Troup’s eSports program builds social skills, finishes top 15 in the state
Published 3:35 pm Thursday, December 14, 2023
The fledgling Troup High eSports team is picking up traction heading into its third season of existence. eSports has a GHSA-certified spring season and fall season and the Tigers made substantial gains during their second season in the fall of this year.
“When I heard that they were talking about starting an eSports team I was like ‘Wait, are we talking about video games or is this something new?” said Chad Hill, a teacher and the head of the program at Troup High.
The program finally got off the ground at the beginning of 2023 when Hill got involved with the program. A self-described lover of video games, Hill jumped at the chance to help get kids involved with after-school activities and help them build social skills — something he feels many young people are lacking — through video games.
“Here in the classroom, they have to be social with each other. And quite honestly, a lot of the guys here did not have a lot of social skills when they first started, they just sit down and they just get mad at each other really, really quickly,” Hill said. “Some of the kids I had in class, and I think the whole time in class for the whole semester I heard them talk like three times if it wasn’t answering a question. And then they come in here, and they’re social butterflies.”
It has been a learning process for Hill, the other coaches, the team, and of course, the parents. Hill has worked hard to break stigmas around video games through his work with the eSports team and firmly believes he has made a ton of progress from when the team first got together to where they are now.
The Troup County School System has been pushing the schools to incorporate eSports teams since 2022. When Hill first got wind of it he was all on board.
“I’m really proud to say this county really was pushing to start eSports,” Hill said. “The reason it was pushing to start eSports was to catch those students who would kind of fall in the gap and not ever really be part of a team or anything like that, not learn that social skill.”
The after-school practices are far from just a few high schoolers hanging out after school to play video games. There is team building, strategizing with peers, troubleshooting technical issues and a whole lot more.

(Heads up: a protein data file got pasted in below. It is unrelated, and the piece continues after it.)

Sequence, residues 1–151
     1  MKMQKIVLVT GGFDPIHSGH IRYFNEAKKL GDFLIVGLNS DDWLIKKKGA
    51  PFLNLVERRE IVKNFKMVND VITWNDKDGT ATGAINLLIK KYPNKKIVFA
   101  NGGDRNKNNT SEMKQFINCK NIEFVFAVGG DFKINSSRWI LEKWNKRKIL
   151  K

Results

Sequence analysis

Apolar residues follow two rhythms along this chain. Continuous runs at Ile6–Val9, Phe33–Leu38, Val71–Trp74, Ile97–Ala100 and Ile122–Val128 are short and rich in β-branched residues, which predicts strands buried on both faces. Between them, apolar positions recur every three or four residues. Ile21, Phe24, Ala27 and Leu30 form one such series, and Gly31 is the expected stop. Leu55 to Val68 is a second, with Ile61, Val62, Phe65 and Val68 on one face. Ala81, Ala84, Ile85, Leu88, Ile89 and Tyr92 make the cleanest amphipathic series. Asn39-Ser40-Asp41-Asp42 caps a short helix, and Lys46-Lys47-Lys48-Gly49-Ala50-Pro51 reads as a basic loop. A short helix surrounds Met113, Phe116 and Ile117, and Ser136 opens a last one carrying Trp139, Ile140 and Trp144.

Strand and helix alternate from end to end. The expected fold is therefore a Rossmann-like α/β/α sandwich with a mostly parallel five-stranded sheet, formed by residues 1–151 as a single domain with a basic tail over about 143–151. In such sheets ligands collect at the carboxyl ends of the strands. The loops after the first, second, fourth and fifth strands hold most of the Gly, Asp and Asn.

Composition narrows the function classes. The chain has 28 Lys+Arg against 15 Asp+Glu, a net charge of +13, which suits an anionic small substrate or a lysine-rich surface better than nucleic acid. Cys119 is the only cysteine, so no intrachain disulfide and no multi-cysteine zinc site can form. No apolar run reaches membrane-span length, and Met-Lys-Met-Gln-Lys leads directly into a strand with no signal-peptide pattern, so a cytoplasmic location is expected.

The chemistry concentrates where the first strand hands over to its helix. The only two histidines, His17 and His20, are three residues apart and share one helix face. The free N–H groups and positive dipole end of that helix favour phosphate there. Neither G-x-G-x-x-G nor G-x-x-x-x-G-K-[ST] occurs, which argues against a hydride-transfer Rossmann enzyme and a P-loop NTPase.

“So first year, it was a nightmare. Parents were just like, I just think he just wants to play video games and that’s when we had such a small, small group the first year,” Hill said. “The second year, I really went about it about this network. And I had one guy, he’s the senior, he’s one of the seniors who brought his PC. So we went through the PC and this is the network card and this is the hard drive and point everything out. It’s not just playing video games, it’s got some of that practical networking and troubleshooting problems.”
The games offered include, but are not limited to Madden 25, Splatoon, Super Smash Bros., Mario Kart and Rocket League.
Despite the wide variety of games, Mario Kart has been the strength of the program so far. The Tigers had one of their four-person Mario Kart teams make the state playoffs and finished 15th out of 150 qualified teams.
It was in stark contrast from the first season which Hill believes was a bit of a disappointment performance-wise.
“The first season kind of embarrassing because we finished 58 in the state out of 100 teams in Mario Kart,” Hill said. “This semester, we were 15th in the state out of 150 teams.”
The program has made leaps and strides since its inauguration at the beginning of the year. The program went from having 15 participants in the first season to 25 on the teams in season two.
The program is not done growing as Hill expects to field a quality Madden team in the spring and expects his Super Smash Bros. teams to continue to make strides as well.
Hill is also focused on expanding the program well beyond just playing the games themselves. He sees this as an opportunity to bring new classes and programs to Troup High.
“I would like us to be able to evolve into a way to help teach them like build PCs and network,” Hill said. “ I wish we could bridge the gap into the IT field more. I think it can start here in the school. And that would be the first goal to bridge that gap.”